A prospect in the right niche, as we've said, is someone who has a special affinity for you and your business. They also feel a sense of community and belonging.
Come to think of it: doesn't this also describe your happiest clients?
Your happiest clients are the ones who most likely understood your service right away, converted quickly, stayed with you the longest and brought you tons of referrals.
Your happiest clients are the key to unlocking your niche.
If you focus your marketing efforts on acquiring prospects whose profile matches those of your happiest clients then you are on the road to making all your clients your happiest clients. It's an ideal scenario, and it's not a far-flung one.
So how do you figure out the right niche?
Start by analyzing your happiest, most dedicated clients and look for traits that are common among them.
Are they busy women looking to lose weight and with a minimum amount of time to spare? Are they seniors looking to gain more strength and mobility?
Even if it's not obvious at first, with a little digging you should be able to see patterns and commonalities in your most loyal and satisfied clients.
Ultimately the right niche for your business should have:
The highest percentage of your happiest clients.
A low percentage of your not-as-happy clients.
Enough market potential to meet your next revenue goal.
Let's look at a few examples and see how they score in these 3 categories:
Example #1: Everyone who wants to get fit.
This is probably not your ideal niche. It's too broad: it contains your happiest clients, but also your not-so-happy clients. In fact, the percentage of the happiest clients inside this slice is very low. Since you aren't focusing on your happiest clients, you won't be able to target and retain more of them.
Example #2: Local individuals who have a rotator cuff issue and want to get fit.
The problem with this niche is that even if all your past clients with this same health issue had great results and loved your business, it's probably too small of a market to meet your revenue goal.
Example #3: Local working women who want to lose weight but need flexibility in their workout routine.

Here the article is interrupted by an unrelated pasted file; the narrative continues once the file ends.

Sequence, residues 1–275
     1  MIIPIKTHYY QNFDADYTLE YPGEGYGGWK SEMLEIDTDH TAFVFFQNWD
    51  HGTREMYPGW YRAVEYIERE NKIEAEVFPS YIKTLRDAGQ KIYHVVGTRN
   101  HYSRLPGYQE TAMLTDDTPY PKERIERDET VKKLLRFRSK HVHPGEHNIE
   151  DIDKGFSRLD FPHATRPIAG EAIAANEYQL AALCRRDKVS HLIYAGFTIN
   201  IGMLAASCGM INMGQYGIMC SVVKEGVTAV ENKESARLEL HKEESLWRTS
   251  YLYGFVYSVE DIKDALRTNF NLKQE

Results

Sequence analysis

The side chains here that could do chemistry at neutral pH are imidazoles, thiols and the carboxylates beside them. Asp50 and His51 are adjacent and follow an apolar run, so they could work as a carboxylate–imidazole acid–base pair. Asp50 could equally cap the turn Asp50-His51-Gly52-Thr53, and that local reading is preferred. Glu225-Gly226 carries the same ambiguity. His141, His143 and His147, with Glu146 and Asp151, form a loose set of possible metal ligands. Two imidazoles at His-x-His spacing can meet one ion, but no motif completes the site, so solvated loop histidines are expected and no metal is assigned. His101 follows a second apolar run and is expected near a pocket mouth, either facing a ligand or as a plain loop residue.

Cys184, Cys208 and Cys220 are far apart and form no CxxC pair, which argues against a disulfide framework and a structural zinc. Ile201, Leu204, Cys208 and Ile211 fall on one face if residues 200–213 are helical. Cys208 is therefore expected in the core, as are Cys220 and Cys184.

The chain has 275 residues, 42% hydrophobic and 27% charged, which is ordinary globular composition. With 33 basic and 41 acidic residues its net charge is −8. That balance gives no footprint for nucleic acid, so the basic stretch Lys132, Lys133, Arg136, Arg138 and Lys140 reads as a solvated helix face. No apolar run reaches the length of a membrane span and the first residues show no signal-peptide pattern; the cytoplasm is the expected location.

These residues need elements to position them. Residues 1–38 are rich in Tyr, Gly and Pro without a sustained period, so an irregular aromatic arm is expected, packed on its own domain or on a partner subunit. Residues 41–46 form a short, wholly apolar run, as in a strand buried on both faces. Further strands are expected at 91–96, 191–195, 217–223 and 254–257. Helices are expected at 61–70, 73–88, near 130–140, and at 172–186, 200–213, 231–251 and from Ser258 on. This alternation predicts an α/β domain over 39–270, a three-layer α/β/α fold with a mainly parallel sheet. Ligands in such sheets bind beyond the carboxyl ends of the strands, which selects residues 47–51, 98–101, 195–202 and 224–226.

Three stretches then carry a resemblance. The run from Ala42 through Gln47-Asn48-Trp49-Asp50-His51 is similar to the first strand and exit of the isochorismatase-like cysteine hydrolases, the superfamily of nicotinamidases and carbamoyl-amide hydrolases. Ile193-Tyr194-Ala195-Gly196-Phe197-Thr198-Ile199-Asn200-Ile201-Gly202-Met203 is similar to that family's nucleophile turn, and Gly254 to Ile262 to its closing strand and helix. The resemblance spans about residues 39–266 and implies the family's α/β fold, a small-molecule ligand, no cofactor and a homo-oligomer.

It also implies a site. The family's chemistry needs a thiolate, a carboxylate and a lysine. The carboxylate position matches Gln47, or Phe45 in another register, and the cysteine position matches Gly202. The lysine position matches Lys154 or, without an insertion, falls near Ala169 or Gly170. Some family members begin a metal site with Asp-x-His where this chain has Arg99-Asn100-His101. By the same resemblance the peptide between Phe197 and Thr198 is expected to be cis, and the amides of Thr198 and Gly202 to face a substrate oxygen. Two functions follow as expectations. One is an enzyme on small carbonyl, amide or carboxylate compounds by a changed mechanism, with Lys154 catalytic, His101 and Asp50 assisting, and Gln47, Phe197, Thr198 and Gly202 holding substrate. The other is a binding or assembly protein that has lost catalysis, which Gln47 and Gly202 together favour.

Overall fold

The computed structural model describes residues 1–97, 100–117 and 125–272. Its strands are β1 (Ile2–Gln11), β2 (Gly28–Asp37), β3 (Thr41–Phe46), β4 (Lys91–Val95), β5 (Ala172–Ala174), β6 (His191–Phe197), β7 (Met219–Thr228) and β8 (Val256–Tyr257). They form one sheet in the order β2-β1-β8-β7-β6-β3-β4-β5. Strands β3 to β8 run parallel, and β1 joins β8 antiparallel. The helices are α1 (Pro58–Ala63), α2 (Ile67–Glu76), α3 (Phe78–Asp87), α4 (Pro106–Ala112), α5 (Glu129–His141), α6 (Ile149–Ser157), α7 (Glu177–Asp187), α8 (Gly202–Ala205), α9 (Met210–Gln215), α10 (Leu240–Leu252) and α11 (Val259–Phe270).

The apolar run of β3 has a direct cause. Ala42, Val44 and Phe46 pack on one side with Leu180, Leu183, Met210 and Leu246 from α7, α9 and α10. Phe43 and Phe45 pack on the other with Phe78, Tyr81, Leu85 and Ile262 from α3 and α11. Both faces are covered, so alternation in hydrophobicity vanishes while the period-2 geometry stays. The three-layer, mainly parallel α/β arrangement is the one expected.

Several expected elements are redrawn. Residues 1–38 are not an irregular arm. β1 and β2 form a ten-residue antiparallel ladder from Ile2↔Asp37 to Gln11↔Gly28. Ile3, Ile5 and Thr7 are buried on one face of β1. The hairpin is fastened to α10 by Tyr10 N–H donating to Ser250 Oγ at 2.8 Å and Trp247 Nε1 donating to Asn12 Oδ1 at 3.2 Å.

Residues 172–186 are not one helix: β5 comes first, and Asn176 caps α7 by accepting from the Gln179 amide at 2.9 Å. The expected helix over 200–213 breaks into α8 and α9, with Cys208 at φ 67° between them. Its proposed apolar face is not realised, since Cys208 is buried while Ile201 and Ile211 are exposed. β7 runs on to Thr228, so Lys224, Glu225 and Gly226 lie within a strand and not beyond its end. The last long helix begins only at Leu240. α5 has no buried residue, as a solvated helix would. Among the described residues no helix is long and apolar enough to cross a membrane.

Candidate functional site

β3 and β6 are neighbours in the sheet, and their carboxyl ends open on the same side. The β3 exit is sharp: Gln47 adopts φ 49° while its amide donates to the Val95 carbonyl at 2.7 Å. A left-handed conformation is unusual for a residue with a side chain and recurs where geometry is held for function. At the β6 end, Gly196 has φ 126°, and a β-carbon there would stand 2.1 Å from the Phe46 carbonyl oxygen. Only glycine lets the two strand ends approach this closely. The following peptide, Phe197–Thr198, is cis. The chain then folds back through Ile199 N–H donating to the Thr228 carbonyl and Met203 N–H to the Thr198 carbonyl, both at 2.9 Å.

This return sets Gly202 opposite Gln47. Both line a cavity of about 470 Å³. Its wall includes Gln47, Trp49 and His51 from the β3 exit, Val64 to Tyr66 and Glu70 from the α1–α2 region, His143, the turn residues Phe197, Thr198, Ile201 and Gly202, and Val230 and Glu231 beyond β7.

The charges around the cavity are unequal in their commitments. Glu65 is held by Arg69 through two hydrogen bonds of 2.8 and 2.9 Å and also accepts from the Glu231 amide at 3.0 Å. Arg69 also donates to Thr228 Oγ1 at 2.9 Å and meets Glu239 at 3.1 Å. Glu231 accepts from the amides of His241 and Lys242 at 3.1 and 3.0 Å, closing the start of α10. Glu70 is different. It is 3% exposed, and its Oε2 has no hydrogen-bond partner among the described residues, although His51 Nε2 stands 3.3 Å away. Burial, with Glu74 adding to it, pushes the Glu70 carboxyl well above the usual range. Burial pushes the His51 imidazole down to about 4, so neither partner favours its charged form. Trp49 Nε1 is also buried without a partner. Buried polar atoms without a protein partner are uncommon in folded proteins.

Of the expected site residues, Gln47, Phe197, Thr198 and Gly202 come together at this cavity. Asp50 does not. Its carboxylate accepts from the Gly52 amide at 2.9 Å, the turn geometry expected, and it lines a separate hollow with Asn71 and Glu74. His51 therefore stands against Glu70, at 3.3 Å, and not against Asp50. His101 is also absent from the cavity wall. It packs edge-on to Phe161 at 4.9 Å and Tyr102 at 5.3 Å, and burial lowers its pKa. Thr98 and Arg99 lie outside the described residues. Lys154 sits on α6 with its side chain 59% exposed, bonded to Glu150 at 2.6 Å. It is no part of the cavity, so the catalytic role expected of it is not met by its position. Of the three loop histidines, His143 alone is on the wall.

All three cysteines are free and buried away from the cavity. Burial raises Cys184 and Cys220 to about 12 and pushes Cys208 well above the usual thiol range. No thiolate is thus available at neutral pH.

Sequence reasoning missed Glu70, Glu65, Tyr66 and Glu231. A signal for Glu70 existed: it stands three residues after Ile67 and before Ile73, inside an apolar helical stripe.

This is the start of a decent niche. But you need to evaluate and see if you can niche down a bit further to find a market that is more specific, but with a good potential for revenue.
A better niche might be working moms who want a flexible schedule, but who also want to be part of a warm and caring community.
At this point you might be thinking: "This is all great, and makes sense. But I'm just starting out, and I don't have enough data to know what the best niche for my business is."
No problem. You can still evaluate and move forward by doing the following:
Decide on the next goal that you want to achieve in 12-18 months.
Decide on a market that can meets following requirements:
Is narrow enough to be a niche but big enough to meet your goals
Aligns your strongest skill-set with the clients' needs within that niche
Is comprised of the type of clients you would enjoy and be happy working with
Here's a summary of why it's so crucial for you to pick a niche:
With marketing, you are reaching out to prospects – not the other way around
Reaching out to prospects costs time and money
The right niche is the slice of the market that will bring you the highest ROI and money you invest on your marketing
This will not only help you grow your business but will help you acquire more clients who are happy and satisfied in the long-term
No matter where you are based or who your clients are, there is a niche available to you. It may take a little bit of thought and research, but you'll be able to find one that works great for you.
Also remember that depending on your results, you can always re-evaluate and re-consider your niche. It shouldn't be rocket science – remember that the key to finding a great niche is by looking at your happiest and most successful clients!
Finding the right niche is definitely the most important factor to make your marketing successful.
Do you know what the 2nd most important factor is? It's convincing the prospects in your niche to become your clients.
And how do you do that? By telling them that you have something unique that will help them get better results with you rather than anyone else.
The key to this is developing a unique selling proposition. That's the focus of my next post.